Everest: An Artist’s Work That Informs and Inspires
On November 18, our office became home to a new work of art — one uniquely dear to my heart, which weaves together seemingly unrelated threads: friends, devout strangers, the personal, the professional. “Everest” is a piece that represents coming together, helping one another and the power of hope. These are themes that are echoed in marriage and divorce — areas my work naturally prompts me to think about often.
The work of art, inspired by the famous Himalayan peak, was painted by my friend Andaluz, whom I’d earlier commissioned to add color and style to my auto racing team for a worldwide rally. With a studio in Greenlawn — a North Shore hamlet where I spent part of my youth — Andaluz had become known as an unofficial resident artist: his murals adorn some of the town’s buildings. When I learned that my friend had lost his studio space, I immediately called him to commission an art piece, using a 200-year-old church window that had hung in my home as his canvas.
For me, the window and its history were a symbol of positive energy — of light shining through even the darkest of times. And when “Everest” was unveiled in our office in November, I was overwhelmed with the hope it represents. To me, it symbolizes both the struggles we face when things feel darkest and our ability to rise from the ashes. And we can only begin that journey with the help of someone’s outstretched hand, letting us know we’ve nearly made it.
Marriage: Reaching the mountaintop
For most people, marriage is the Mount Everest of relationships. Making it to the top together unscathed is a huge challenge. It’s an even greater challenge for both partners to make it down the mountain healthy, happy and arriving at the same time.
If marriage is akin to a mountain climb, then divorce is like the death zone — a real place on Mount Everest where climbers have died because they made a fatal error: pausing where oxygen is so thin that fatigue and confusion take over. There have been couples who embarked on an Everest climb together only to have one not make it past this zone — leaving the other the terrible choice of either staying with the doomed partner, facing certain death, or heading down alone. (The names of those who are frozen for eternity appear at the top of the painting that now hangs in our office.)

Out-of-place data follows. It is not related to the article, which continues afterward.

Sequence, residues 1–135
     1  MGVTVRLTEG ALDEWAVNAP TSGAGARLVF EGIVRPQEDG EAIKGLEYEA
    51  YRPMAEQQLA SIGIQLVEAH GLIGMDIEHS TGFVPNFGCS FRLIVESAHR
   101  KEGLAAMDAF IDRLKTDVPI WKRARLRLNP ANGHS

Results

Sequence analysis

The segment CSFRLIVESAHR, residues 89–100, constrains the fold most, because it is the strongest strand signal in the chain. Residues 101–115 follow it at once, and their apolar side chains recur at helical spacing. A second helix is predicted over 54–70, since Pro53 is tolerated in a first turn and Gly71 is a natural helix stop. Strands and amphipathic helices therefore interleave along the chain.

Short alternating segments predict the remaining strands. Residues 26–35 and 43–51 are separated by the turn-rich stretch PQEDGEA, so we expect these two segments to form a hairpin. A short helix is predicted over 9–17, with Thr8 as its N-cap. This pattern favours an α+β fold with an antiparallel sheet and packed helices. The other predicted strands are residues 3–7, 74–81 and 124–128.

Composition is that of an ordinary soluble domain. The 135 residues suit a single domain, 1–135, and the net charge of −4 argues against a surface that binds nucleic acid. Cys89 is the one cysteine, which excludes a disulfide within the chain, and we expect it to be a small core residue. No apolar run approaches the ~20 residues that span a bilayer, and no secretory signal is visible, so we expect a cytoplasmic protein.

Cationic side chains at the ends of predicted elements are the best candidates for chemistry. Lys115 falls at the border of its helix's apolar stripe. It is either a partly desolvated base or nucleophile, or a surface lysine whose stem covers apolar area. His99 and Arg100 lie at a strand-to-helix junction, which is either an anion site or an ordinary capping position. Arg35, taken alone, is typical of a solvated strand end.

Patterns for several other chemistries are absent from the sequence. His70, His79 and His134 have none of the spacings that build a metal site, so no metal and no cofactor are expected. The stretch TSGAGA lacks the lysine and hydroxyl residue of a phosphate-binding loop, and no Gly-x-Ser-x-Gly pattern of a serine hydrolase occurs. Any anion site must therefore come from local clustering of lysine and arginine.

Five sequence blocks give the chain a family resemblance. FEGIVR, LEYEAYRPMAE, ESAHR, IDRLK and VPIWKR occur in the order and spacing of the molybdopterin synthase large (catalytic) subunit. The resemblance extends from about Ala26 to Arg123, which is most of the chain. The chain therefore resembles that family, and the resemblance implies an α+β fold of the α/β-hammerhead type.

Divorce: Making the difficult descent
Divorce could be said to present the same difficult choice. It forces a spouse to decide whether they should stay in an unhappy but known place or move on to face, at least temporarily, isolation and loneliness. For most people, the best path is the most difficult one — to keep moving, to head down the mountain alone to the new life that awaits. But it’s one that requires the traveler to have hope and help.
Climbers who have ascended to the peak of Mount Everest do so by relying upon native guides known as Sherpas, who are uniquely able to steer them through the overwhelming and sometimes treacherous terrain they encounter on the way up — and down — because they know the dangers and steer clear of them. When you’re navigating the difficult descent of divorce, you want a lawyer whose skills are like those of the Sherpa: knowledgeable about the terrain, fearless in the face of storms, and supportive from start to finish. When you have an experienced and knowledgeable divorce lawyer, along with supportive friends and family, you will be able to climb “down the mountain” so you can embark on a new life — one where light and hope offer all the illumination you need.
If you are struggling to get through a divorce, make sure you seek out the help you need. Contact my Long Island family law firm, Bryan L. Salamone & Associates, P.C. for caring advice and wise counsel.